The proposed IEEE wireless LAN mesh specification is already getting some traction, though still over 18 months from final ratification, thanks to early experimentation by the One Laptop Per Child Foundation and a recently launched open source project.
This hands-on experience, fed back into the work of the IEEE 802.11s Task Group, has already led to several changes in the draft standard, with other changes being considered. When deployed, 802.11s will let different types and brands of wireless devices find each other, interconnect securely, and forward traffic on behalf of other mesh nodes, forging new paths automatically if nodes move or wireless links fail. WLAN deployments will be cheaper and easier, say advocates.
PacketHop earlier this month announced it will release in July the first commercial implementation of the IEEE mesh draft .
The 802.11s standard promises to cut wireless networking loose from its Ethernet cable moorings, creating what some call "opportunistic" networks. "If you think about this underlying technology to form opportunistic connections, it changes a lot of the assumptions of wireless LANs," says Robert Withrow, adviser to the CTO Common Engineering Group, part of the Office of the Chief Technology Office for Nortel Networks, which supports both the OLPC and the open80211s project, and was an early and active member of the 802.11s task group, which launched in 2004.
"A piece of information might be coming from your [mesh] neighbor," Withrow says. "Well, who is that neighbor? Does he have a right to give you information?" He also says that wireless networks are rapidly moving from people-to-people connections, to people-to-machine and machine-to-machine connections, which are vastly more numerous, dubbed by Nortel as "hyperconnectivity." "It's difficult to do this in a hierarchical way," he says.
The 802.11 standard does specify what's called an ad hoc mode, which lets, for example, wireless laptops connect with each other. But this requires every participating node to be connected directly to every other node. An 802.11s mesh doesn't have this limitation. Proprietary mesh protocols abound, mostly for outdoor wireless networks, though Ruckus Wireless and Aerohive recently unveiled indoor mesh gear. But these protocols are for mesh infrastructures, not clients, and because they're proprietary, they don't interoperate.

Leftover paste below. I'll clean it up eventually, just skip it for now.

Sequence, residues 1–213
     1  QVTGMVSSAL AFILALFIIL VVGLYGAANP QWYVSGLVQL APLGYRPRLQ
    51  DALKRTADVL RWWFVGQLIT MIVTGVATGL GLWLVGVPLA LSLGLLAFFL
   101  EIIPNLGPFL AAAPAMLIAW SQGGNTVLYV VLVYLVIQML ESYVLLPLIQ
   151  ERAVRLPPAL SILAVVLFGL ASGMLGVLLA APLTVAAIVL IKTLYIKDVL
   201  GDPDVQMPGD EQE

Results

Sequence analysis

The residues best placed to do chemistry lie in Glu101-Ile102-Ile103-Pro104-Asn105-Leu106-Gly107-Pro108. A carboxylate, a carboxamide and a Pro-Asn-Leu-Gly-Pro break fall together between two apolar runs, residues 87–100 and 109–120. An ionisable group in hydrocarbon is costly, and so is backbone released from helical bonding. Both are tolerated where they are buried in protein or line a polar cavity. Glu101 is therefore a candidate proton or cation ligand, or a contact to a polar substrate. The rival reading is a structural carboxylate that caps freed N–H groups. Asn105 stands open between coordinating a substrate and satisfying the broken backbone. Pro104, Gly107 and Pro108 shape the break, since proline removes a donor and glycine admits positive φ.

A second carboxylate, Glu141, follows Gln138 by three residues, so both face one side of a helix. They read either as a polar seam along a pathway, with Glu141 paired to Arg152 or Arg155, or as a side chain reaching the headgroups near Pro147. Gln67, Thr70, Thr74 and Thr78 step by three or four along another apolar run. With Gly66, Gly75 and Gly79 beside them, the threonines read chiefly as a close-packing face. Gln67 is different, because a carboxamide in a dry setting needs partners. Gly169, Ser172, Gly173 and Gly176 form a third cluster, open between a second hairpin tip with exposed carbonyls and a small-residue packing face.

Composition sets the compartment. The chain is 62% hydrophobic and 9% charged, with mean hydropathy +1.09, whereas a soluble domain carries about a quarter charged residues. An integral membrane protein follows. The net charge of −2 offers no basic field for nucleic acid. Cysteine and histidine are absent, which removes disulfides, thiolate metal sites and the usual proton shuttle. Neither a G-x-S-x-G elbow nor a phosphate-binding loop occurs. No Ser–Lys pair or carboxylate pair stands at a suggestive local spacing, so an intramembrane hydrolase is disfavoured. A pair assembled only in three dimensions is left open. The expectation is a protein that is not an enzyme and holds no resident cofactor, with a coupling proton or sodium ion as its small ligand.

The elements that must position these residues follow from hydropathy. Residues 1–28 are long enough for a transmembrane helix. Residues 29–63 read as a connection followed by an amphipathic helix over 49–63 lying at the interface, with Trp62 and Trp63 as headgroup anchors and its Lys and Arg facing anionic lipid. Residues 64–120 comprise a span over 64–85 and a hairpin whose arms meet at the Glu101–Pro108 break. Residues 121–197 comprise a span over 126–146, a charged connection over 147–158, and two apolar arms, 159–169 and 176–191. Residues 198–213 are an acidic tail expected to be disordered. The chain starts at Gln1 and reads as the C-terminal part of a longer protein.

OLPC embraces mesh
The OLPC began studying mesh benefits in 2006. Mesh would let the group's inexpensive Linux-based laptops create their own wireless network and communicate, without the need for access points or intermediate servers, as well as share whatever wide-area connection, such as a satellite link, that might be available for a village school in Cambodia, Brazil, or Haiti.
Using the nascent 802.11s draft was a natural choice, says Michail Bletsas, chief connectivity officer for OLPC. The 802.11s mesh works at Layer 2, so no changes would have to be made to the TCP/IP network stack or other higher layer applications. One corollary benefit of that, he saw, was that the 802.11s code could be run on the 802.11 network adapter module, with a system-on-a-chip having its own memory and small CPU. That meant the OLPC laptop could suspend or shut down its main CPU to save power, but trickle some juice to keep the radio alive as a mesh node, forwarding traffic on behalf of other mesh participants.